July 25, 2009

Graham Smith and the Woolmark Company collection

These amazing pictures belong to the Woolmark Company collection at VADS.

My attention was immediately caught by the side tabs on the “helmets” to hold sunglasses in place and avoid having to squeeze the temples of the glasses inside the hat, isn’t it just great?!  The first picture in particular looks very compelling and could fool people as being a modern picture of retro style clothing.

I also find amazing the sculptural quality of the “bowl” hat that defies gravity, sitting on a chignon, and the wonderful quality of the clothes in the way they are cut and assembled.

All three hats were made by legend milliner Graham Smith. You can learn more about him if you follow this link.

The International Wool Secretariat, now The Woolmark Company, was established in 1937 to undertake research and the global promotion of wool. To that end, they built up a large library of promotional photographs and accompanying press releases which they generously donated to the London College of Fashion in the 1980’s when they relocated and were short of space.

Credit for the pictures:  © London College of Fashion/The Woolmark Company

Top:  Coat in white brushed wool. Hat in white kid. Manufacturer: Dumas & Maury, 1965. Designer Clive (Evans).
Helmet: Graham Smith, Sunglasses: Oliver Goldsmith

Middle: Coat in white wool with curving seams. Hat in white straw. 1966.
Fabric Manufacturer: Moreau
Designer: Clive (Evans)
Model: Ann Milling
Hat: Graham Smith

Bottom: Tunic suit in ivory whipcord. 1965.
Designer: Clive (Evans)
Hat: Graham Smith, Sunglasses: Oliver Goldsmith

Be sure to explore the VADS website, it’s full of jewels. A search under the heading “hat” will deliver you hours of fun.

March 1, 2009

DECORATE YOUR HEAD! Hats: An Anthology by Stephen Jones

With our tickets bought since December, and an invitation to both the Milliners lunch and the Private View of the exhibition (opening party), we decided to go ahead with the trip and not cancel despite of our recent loss.

We had a great time and it was a wonderful privilege to have been invited.

During the Milliners lunch The Hat Magazine took a picture of all the attending milliners, so be on the lookout for that on the next issue. After the lunch we had the opportunity to take a sneak preview at the exhibition and found it even more wonderful than expected.

The exhibition is divided into sections: Inspiration, the Salon and the Client, all around a center section called Creation, that reproduces a millinery workroom (with hat blocks, a conformateur and loads of other stuff, including all the trash -bits of ribbon, straw, thread- that we all tend to accumulate on the floor).

The “private view” party had an attendance of around 800 people and was top notch. The service was spectacular, they kept on refilling our champagne glasses, served oysters, lobster, raw tuna, and many other delicacies that I don’t remember. There were two sweets corners with the most out of this world sweets: macarons, raspberry mini-tartlets, mini brownies, little pots with I don’t know what… well, heavenly. As you an see in the pictures the waiters had a lovely red V&A mini-hat.

Concerning etiquette, the invitation said “decorate your head”. I made a green version of my bird hat for the occasion, and Nina made herself a high comb, reminiscent of the Spanish combs worn with mantillas by knitting raffia and making raffia flowers that she later dyed.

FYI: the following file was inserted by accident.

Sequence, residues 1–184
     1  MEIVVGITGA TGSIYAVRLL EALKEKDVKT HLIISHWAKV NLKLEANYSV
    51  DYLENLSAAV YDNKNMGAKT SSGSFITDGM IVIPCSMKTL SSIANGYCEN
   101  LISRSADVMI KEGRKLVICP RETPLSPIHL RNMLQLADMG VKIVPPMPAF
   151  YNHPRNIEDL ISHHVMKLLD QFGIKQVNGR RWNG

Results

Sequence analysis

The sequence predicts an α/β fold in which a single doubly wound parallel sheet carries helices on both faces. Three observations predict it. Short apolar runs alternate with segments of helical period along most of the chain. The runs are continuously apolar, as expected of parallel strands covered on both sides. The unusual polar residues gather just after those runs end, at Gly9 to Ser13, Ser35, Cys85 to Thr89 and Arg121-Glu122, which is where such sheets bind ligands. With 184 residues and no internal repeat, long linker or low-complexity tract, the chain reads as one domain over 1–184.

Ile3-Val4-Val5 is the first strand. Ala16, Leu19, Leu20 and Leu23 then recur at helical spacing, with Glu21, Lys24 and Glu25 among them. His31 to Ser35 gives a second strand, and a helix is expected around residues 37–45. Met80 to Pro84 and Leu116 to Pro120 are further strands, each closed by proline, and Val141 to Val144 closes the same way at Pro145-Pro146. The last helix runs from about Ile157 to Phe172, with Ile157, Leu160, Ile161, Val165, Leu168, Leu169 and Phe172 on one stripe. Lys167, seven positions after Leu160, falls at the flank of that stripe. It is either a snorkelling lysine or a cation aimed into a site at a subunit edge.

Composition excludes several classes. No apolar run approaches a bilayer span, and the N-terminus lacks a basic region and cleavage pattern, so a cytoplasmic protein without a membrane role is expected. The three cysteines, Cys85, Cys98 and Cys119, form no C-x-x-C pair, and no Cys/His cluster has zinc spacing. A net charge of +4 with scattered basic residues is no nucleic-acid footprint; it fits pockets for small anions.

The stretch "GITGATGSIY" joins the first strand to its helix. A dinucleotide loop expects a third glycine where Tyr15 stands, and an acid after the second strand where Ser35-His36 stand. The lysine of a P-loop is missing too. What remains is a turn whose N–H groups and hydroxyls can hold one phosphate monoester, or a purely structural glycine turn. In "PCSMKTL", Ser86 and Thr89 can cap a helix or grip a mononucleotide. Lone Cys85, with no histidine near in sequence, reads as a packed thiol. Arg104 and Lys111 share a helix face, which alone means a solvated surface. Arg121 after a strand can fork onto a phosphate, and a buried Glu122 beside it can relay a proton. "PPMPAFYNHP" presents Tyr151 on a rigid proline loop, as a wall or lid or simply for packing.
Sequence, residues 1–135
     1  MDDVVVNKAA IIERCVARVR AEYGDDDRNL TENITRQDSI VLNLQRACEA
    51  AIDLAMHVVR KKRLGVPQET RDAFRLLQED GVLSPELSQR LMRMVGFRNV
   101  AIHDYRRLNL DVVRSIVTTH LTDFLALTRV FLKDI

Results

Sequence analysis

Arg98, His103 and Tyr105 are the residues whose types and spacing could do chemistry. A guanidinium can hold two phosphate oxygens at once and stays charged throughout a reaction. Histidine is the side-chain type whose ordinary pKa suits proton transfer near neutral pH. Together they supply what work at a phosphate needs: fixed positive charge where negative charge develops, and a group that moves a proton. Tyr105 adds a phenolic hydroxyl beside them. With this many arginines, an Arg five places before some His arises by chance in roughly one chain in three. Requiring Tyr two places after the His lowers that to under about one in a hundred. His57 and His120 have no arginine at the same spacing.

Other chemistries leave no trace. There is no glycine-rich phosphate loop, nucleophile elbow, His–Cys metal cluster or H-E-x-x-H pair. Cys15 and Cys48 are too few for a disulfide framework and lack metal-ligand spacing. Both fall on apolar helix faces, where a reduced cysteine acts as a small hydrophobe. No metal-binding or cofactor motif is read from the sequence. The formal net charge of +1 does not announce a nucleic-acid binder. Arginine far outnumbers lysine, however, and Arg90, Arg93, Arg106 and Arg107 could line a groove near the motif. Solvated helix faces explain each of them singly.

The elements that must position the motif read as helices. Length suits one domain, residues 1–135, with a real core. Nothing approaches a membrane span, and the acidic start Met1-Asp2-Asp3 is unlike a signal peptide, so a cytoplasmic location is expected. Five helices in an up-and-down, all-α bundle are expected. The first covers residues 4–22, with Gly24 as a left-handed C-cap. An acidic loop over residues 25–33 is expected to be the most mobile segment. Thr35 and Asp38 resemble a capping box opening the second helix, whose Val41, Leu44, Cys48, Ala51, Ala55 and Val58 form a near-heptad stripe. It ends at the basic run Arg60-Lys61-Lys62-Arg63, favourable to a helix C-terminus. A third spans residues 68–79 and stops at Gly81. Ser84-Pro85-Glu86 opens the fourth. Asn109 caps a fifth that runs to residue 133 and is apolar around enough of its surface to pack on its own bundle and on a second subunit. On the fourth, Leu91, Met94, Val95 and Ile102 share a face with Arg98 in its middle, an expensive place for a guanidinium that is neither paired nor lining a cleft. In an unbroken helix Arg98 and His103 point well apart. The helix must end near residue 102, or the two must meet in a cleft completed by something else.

To my surprise NOT everyone was wearing a hat (how can that be?!!!). There were famous people, but I’m not good at that, so I cannot tell you if I saw them… only later I learnt that Manolo Blahnik -hatless- was there, along with some other heavy weights (check the V&A website and check every little bit it: http://www.vam.ac.uk/microsites/hats-anthology/ , there is a video of the opening with interviews).

To see all my pictures follow this link: V&A Hats- An Anthology by Stephen Jones (Set)

Check also these cool pictures from someone else who attended the opening: Hats- An Anthology by Stephen Jones – Opening Party at V&A London (Set)

October 17, 2008

Interesting video about Maison Michel in Paris and other delightful stuff

Filed under: Millinery trivia and events,Other Millinery people — Cristina de Prada @ 11:58 am

I would like to share with you some wonderful web finds I’ve come across lately.

First of all, not to miss, is this LuxeTV short feature (click here) about the famous Parisian Maison Michel.  The following information about Maison Michel comes from the website “Enterprises du Patrimoine Vivant”, a website that lists artisan enterprises from France:

In the 19th century, women didn’t go out with their heads uncovered. Yet will there be a place for hats in the 21st century? The answer is yes – but in other forms. While broad-brimmed hats may remain reserved for the races and the Grand Prix, weddings and ceremonies, caps, toques, turbans, cloches, berets, baseball caps and eyeshades are all to be seen parading the catwalks. And walking the streets.

Founded in 1936 by Auguste Michel, the House was set to become the appointed purveyor to the great fashion brands with the arrival, in 1968, of two experienced milliners, Pierre and Claudine Debard.

In 1975, Pierre Debard had the idea of having those marvellous straw-sewing machines, the Weissmans, repaired to make a new generation of sewing machines, and offering new designs in stitched straw to the great fashion houses. Pierre Cardin was the first to adopt them. Dior, Givenchy and Yves Saint Laurent would follow.

Kenzo and many others knew where to turn to ask the impossible : an extremely rare straw, a devilish drape, a mastery of satin, velvet, felt or leather. At Maison Michel, like nowhere else, we know how to finish a taupé or shear a boater for you.